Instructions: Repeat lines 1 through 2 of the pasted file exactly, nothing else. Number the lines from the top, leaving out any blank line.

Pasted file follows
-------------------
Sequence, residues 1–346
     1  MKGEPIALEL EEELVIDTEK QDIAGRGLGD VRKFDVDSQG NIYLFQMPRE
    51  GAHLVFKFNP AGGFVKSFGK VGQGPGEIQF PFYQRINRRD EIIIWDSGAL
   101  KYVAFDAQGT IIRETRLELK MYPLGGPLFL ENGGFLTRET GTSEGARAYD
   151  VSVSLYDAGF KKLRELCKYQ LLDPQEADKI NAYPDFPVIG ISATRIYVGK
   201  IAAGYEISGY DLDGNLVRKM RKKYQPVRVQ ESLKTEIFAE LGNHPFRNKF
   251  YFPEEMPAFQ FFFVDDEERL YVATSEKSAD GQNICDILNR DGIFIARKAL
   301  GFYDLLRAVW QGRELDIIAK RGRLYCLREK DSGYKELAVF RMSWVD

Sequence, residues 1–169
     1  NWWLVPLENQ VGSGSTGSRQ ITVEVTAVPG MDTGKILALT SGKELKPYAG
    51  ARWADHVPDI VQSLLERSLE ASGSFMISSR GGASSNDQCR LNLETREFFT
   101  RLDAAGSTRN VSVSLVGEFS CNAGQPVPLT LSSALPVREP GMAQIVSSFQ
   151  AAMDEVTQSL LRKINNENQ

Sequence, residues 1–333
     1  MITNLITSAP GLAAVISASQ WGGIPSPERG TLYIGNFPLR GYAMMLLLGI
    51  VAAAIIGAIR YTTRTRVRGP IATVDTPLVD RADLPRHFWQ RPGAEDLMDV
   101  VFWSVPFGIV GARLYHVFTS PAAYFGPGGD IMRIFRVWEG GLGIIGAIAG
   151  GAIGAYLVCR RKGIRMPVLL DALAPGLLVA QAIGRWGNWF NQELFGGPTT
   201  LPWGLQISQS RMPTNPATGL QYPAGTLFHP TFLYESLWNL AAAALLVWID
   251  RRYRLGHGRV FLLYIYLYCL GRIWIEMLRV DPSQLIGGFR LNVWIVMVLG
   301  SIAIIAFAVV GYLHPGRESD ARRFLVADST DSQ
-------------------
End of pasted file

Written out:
Sequence, residues 1–346
     1  MKGEPIALEL EEELVIDTEK QDIAGRGLGD VRKFDVDSQG NIYLFQMPRE